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If form follows function, then function follows process

Photo by Jack Boucher: Wainright Building, St. Louis, Missouri. Architect: Louis Sullivan

You've probably heard Louis Sullivan's maxim, "Form follows function." Sullivan, while not as well known as his famous pupil, Frank Lloyd Wright, has been called the father of the modern skyscraper and even the father of modern architecture.

In 1896, Louis Sullivan wrote:

"It is the pervading law of all things organic and inorganic, of all things physical and metaphysical, of all things human, and all things super-human, of all true manifestations of the head, of the heart, of the soul, that the life is recognizable in its expression, that form ever follows function. This is the law." (italics in original)

Form follows function was at the heart of modern architecture in the 20th century, and the phrase eventually made its way into common usage. For the modernist, how a thing looks (form) is a manifestation of how it works (function). 

If form follows function, then, I believe, function follows process.

  • First, process.
  • Then, function.
  • And last, form.

Form - the room, the building, the piece of furniture - is visible. Function, while not always visible, is apparent. You can cook in the kitchen, or you cannot. The chair is comfortable to sit in, or it is not.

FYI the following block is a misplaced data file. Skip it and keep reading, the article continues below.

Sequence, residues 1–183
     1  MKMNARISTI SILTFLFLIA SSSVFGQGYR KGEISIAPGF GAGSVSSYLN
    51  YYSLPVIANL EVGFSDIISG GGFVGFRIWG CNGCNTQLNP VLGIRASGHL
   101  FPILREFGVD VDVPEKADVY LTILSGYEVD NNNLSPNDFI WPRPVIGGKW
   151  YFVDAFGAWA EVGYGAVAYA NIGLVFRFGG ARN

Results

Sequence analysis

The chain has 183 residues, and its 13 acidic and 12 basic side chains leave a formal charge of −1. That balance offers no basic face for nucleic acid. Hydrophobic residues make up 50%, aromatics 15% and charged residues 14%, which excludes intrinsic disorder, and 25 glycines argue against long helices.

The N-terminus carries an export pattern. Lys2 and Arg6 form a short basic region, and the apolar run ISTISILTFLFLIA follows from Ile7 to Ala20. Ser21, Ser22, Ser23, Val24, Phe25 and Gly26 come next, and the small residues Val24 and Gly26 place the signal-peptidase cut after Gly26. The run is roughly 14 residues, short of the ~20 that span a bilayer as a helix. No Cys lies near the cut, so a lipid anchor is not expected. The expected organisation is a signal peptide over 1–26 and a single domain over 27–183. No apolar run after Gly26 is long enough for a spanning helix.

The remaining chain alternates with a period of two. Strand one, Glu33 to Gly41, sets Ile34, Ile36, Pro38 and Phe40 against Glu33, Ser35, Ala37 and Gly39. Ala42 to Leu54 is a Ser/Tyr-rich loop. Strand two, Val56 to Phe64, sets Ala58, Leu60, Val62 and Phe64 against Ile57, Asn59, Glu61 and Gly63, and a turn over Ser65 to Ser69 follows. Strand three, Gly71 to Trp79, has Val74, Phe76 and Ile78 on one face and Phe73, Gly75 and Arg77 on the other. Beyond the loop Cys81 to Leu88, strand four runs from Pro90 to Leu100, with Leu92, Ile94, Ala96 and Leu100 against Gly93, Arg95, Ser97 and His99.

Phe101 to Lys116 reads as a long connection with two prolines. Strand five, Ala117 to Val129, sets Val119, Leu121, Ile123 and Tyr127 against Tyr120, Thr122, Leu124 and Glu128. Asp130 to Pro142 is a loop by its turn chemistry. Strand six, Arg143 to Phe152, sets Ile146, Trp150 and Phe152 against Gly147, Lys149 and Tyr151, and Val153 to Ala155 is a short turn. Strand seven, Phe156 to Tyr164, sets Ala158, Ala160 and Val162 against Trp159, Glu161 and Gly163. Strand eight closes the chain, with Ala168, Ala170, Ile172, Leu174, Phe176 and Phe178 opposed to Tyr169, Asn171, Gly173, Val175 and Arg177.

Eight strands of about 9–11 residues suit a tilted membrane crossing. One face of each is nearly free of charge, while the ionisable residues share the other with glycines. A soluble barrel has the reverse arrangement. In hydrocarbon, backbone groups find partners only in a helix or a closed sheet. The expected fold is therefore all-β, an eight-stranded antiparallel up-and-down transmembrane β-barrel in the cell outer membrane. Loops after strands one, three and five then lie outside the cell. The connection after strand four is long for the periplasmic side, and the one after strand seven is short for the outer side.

Process is invisible. You can't see it, yet it is the very basis of both form and function. Process takes design ideas, inspiration, and information and puts them to work. 

All artists and designers have a process. They have a way that they approach their craft, steps that lead from concept to creation. Artists work at creating. So, a magical creation is often the product of a mundane process. 

If you can't figure out how you want your new room to look, take two steps back. Find and follow a design process - one that shows you how to identify the function and form of your new space. 


She didn't know it, but Jackie Lopey's days as an advertising executive were numbered when she bought and renovated a 1950's bungalow. She soon went back to school and started her own design studio. Jackie is an award-winning, certified interior designer and the founder of Wide Canvas.

Connect with Jackie by emailing jackie@widecanvas.design

Jump start your interior design journey by joining our email list.

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